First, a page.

Poems of Nature/Independence

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INDEPENDENCE[1]

My life more civil is and free
Than any civil polity.


Ye princes, keep your realms
And circumscribèd power,
Not wide as are my dreams,
Nor rich as is this hour.


What can ye give which I have not?
What can ye take which I have got?
Can ye defend the dangerless?
Can ye inherit nakedness?


To all true wants Time's ear is deaf,
Penurious States lend no relief
Out of their pelf:
But a free soul—thank God—
Can help itself.


Be sure your fate
Doth keep apart its state,—
Not linked with any band,
Even the noblest in the land,—


In tented fields with cloth of gold
No place doth hold,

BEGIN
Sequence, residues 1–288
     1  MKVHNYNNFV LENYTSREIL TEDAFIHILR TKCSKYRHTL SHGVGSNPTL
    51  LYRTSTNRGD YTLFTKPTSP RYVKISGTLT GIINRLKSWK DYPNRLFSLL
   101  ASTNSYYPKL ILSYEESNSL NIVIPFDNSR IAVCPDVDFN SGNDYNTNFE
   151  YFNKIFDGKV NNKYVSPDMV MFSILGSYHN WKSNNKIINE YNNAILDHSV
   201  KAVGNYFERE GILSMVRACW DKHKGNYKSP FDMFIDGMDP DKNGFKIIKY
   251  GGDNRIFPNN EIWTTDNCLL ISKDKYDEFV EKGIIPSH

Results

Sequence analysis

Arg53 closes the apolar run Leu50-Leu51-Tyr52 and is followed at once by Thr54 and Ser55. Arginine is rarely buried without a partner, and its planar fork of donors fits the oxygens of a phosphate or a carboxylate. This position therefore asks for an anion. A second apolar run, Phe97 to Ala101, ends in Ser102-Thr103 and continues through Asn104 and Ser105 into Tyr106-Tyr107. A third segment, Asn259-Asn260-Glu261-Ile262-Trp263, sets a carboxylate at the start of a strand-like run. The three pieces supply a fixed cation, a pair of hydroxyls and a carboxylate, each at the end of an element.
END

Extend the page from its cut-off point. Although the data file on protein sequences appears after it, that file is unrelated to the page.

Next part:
But is more chivalrous than they are,
And sigheth for a nobler war;
A finer strain its trumpet rings,
A brighter gleam its armor flings.


The life that I aspire to live,
No man proposeth me;
No trade upon the street[2]
Wears its emblazonry.

  1. First printed in full in the Boston Commonwealth, October 30, 1863. The last fourteen lines had appeared in the Dial under the title of 'The Black Knight,' and are so reprinted in the Riverside Edition.
  2. In the Dial this line runs, 'Only the promise of my heart.'